data for the earlier years of our history are wanting, and at present very few of our states keep a careful registration of births and deaths, although a large number of our cities are now recording their vital statistics with increasing care. The absence of city life with its baneful consequences somewhat relieves us from the charge of infanticide, but the exposure and the rigors of the Atlantic seaboard worked its many hardships. Data for New York before 1850 show that 27 per cent, of its infants died before reaching the age of one, but the rate for Boston was comparatively low, being recorded as less than 20 per cent.—a figure exceeded by many cities at the present time. Conditions in Massachusetts have been relatively favorable and its vital statistics indicate that the death-dealing influences of the close of the century were more fatal than those operating at the beginning of the Civil War. This observation, discouraging as it is, is somewhat softened by the favorable changes in the death rate of children below the age of five. These records prove that a constantly growing percentage of children live to that age, and once having reached the fifth year the chance of a life of future usefulness is considerably increased. The expectation of life in Boston according to the reports of the Census Bureau was in 1900, 9.74 years greater for the child of five than for the infant at birth. This difference is, moreover, diminishing, as it certainly must if mortality is being checked. A similar difference in the English expectation of life argues for similar rates of mortality for children at these ages. The low death rate of children between the ages of five and fourteen insures the succession of a large majority to an adult age. Civilization demands that this be a constantly increasing proportion and that the fewest possible number of lives be wrecked in the adolescent stage. The energies of society must be expended in many various directions where the need is most urgent, and where reforms are clearly possible. That society should waste vast portions of its accumulating energies is not only deplorable and a hindrance to social advance, but is a mark of criminal neglect. Where waste of lives can be avoided, as the decreasing mortality of children shows, there inaction by society is unpardonable.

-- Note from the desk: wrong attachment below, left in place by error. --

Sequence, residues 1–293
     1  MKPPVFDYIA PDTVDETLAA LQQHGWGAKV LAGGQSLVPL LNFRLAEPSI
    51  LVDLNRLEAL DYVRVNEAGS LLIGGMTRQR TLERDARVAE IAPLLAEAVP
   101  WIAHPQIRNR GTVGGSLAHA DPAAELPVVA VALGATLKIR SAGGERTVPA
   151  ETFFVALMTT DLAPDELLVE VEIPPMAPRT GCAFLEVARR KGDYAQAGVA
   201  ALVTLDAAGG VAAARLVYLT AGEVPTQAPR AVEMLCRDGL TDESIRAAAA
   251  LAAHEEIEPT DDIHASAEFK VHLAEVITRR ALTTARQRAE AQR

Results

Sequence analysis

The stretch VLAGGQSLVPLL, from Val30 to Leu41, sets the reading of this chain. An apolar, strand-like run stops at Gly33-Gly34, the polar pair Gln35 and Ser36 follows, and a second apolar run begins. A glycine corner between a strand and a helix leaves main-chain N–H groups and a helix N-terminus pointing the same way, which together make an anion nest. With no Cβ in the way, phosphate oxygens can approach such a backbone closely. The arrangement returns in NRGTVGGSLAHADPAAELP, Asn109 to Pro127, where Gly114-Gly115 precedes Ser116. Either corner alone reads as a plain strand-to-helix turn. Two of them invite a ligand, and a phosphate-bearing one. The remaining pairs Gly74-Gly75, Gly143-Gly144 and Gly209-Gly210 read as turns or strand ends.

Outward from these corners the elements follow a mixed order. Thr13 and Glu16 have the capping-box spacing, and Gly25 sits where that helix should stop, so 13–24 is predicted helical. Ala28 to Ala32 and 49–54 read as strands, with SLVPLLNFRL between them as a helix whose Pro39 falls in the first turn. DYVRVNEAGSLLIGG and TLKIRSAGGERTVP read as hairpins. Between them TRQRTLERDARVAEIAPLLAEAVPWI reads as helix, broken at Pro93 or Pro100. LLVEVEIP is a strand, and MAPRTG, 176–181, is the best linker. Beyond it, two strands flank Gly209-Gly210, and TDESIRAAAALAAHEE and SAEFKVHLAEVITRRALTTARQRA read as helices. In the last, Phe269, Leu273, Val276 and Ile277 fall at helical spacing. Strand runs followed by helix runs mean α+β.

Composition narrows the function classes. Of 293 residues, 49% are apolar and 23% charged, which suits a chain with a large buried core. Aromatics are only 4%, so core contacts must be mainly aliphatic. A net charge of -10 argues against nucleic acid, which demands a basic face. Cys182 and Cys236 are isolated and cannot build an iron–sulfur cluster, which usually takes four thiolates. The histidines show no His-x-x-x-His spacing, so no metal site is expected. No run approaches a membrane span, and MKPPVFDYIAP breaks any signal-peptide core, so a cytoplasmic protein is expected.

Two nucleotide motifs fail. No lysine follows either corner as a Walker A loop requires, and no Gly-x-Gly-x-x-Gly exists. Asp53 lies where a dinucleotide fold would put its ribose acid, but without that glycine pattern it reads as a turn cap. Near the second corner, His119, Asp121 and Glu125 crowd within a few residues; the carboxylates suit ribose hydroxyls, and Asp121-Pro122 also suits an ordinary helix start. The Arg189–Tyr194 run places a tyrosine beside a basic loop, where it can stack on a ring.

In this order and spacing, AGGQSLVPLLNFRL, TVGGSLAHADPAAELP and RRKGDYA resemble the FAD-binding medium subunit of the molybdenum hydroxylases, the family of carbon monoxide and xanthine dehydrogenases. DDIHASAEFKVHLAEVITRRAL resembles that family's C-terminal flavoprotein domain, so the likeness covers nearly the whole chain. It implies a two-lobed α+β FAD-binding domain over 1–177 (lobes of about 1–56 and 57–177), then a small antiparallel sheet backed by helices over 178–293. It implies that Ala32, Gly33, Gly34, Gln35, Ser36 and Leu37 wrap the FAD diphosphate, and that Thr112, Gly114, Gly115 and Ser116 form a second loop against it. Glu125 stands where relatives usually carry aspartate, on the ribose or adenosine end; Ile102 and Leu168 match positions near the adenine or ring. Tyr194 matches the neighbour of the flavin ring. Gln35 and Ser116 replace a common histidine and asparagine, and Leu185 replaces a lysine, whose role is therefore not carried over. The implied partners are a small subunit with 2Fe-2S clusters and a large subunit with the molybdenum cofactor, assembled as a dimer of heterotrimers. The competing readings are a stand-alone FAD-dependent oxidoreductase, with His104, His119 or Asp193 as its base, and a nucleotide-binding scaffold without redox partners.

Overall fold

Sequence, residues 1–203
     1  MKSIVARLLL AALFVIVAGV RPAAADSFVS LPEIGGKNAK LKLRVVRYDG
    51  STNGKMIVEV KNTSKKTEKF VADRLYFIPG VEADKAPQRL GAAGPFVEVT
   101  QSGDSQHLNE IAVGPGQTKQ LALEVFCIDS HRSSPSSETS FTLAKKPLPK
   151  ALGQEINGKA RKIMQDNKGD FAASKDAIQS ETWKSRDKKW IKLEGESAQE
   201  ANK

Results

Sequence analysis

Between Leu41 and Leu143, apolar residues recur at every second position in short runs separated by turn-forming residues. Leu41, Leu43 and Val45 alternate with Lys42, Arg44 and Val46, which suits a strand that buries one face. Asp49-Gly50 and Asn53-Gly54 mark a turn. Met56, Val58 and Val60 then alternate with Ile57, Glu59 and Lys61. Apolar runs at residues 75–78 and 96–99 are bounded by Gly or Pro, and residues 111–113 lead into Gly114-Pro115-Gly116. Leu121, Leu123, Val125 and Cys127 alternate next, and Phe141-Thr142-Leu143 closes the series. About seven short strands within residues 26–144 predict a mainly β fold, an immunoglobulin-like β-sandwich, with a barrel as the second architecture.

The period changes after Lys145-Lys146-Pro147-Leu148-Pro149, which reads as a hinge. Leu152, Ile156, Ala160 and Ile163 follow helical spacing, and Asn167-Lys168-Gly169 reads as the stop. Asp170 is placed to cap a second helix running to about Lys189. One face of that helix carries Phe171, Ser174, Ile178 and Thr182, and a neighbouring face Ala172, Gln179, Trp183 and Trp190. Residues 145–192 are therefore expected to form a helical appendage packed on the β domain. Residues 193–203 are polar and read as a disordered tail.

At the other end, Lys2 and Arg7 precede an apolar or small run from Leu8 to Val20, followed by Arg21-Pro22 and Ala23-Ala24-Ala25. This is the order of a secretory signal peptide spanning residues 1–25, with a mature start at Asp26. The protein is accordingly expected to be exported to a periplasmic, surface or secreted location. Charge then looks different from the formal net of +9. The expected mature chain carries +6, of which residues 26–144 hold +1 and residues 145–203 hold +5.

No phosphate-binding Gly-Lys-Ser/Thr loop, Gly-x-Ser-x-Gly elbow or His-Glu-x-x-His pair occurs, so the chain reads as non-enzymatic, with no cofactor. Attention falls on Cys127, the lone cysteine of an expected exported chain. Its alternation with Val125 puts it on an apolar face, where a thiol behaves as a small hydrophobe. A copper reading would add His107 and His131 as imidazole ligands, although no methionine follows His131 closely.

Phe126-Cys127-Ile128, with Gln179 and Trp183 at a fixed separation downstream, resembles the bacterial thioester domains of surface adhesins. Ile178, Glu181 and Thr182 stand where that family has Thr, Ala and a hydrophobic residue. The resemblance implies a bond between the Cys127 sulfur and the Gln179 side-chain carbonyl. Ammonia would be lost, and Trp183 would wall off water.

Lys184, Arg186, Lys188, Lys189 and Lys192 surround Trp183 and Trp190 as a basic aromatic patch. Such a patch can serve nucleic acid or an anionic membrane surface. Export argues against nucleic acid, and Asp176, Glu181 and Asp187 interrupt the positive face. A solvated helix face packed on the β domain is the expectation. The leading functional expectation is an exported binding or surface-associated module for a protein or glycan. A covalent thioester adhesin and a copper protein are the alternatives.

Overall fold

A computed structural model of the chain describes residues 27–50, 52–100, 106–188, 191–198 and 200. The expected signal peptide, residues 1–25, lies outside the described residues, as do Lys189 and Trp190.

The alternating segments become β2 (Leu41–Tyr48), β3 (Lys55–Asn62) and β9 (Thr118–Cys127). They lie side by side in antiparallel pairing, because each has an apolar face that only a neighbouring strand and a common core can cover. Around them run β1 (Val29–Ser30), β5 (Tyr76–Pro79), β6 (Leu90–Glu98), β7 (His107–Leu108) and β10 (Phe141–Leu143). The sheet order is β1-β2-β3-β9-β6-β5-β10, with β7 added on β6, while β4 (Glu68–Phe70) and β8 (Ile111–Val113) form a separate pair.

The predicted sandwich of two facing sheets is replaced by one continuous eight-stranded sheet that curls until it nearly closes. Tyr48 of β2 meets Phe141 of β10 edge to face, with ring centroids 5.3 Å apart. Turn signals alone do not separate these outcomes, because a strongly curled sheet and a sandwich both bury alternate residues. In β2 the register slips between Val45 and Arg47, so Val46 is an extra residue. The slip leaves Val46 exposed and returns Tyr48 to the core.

In spite of the existence of many plague spots, where innocent infants are barbarously slain, the statistics set forth by the twelfth census furnish ground for a growing optimism. Although a large percentage of inaccuracy obtains, the figures are sufficiently reliable and comparable to indicate quite faithfully the hopeful tendency toward child saving. The tables for the registration area show that the infantile death rate fell from 205 per 1,000 births in 1890 to 165 in 1900. In the former year one out of every five infants died, although allowance should be made for unrecorded births. In the latter year one out of every six—a gain of approximately 20 per cent. For children under five the gain is even more favorable, thus demon-